This guest blog by Kimberly Guise, Curator at The National WWII Museum, and the video included therein was produced as part of The National WWII Museum’s participation in the Smithsonian Lemelson Center for the Study of Invention and Innovations’ Places of Invention Affiliates Project. Places of Invention is made possible in part by a generous grant from the National Science Foundation.
New Orleans’ own LCVP (Landing Craft, Vehicle, Personnel) and its creator, Higgins Industries, are the focus of the National WWII Museum’s work for the Smithsonian Lemelson Center for the Study of Invention and Innovations’ Places of Invention Affiliates Project.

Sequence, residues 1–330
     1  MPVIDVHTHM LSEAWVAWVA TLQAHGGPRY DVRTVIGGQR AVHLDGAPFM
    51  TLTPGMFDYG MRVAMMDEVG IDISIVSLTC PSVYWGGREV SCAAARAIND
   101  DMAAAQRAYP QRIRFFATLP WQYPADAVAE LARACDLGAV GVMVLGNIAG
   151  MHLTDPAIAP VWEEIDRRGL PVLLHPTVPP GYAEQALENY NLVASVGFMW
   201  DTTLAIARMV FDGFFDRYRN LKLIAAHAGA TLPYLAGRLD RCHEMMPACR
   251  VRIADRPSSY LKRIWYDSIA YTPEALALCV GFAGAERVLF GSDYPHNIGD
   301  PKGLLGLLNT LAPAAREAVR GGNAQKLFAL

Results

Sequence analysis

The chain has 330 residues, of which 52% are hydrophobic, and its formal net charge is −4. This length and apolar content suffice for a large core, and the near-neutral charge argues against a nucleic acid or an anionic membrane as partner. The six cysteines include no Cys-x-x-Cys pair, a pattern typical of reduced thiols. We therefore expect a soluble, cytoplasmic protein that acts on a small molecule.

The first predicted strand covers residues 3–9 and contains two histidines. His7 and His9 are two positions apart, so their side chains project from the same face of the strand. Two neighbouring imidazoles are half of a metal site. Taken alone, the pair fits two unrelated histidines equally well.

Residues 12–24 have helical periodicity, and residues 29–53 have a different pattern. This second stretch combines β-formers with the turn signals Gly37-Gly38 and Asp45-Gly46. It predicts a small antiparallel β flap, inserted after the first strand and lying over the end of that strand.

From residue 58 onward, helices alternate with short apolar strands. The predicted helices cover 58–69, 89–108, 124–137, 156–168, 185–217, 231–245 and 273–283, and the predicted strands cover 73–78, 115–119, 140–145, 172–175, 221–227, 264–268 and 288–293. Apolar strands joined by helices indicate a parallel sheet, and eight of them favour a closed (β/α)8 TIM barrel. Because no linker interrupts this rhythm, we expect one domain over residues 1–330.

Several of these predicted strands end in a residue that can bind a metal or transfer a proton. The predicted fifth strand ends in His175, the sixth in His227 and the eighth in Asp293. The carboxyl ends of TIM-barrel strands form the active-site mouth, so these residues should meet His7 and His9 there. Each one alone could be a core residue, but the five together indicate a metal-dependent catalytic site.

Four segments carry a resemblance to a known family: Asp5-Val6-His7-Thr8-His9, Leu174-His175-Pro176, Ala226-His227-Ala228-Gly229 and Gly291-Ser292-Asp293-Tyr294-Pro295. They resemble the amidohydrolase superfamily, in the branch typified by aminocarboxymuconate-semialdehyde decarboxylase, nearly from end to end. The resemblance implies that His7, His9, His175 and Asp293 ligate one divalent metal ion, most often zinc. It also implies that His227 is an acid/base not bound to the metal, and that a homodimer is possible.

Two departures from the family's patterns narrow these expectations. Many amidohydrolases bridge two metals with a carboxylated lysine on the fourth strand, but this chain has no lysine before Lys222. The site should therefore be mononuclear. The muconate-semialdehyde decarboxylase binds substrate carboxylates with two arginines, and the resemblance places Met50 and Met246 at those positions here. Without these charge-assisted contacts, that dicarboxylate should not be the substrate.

Under the leadership of Andrew Higgins and propelled by wartime necessity, the company grew from one small plant and shipyard employing only 75 people to eight production facilities in the New Orleans area with over 20,000 workers. Millions of Americans had occasion to travel in a “Higgins boat” during the war. To see how Higgins managed such an overhaul and what it meant for the war, watch the video below produced by my colleagues at The National WWII Museum, Curator Eric Rivet and Digital Media Producer John Weaver.
To learn more about the contributions of Higgins Industries and about the American Experience in WWII visit The National WWII Museum.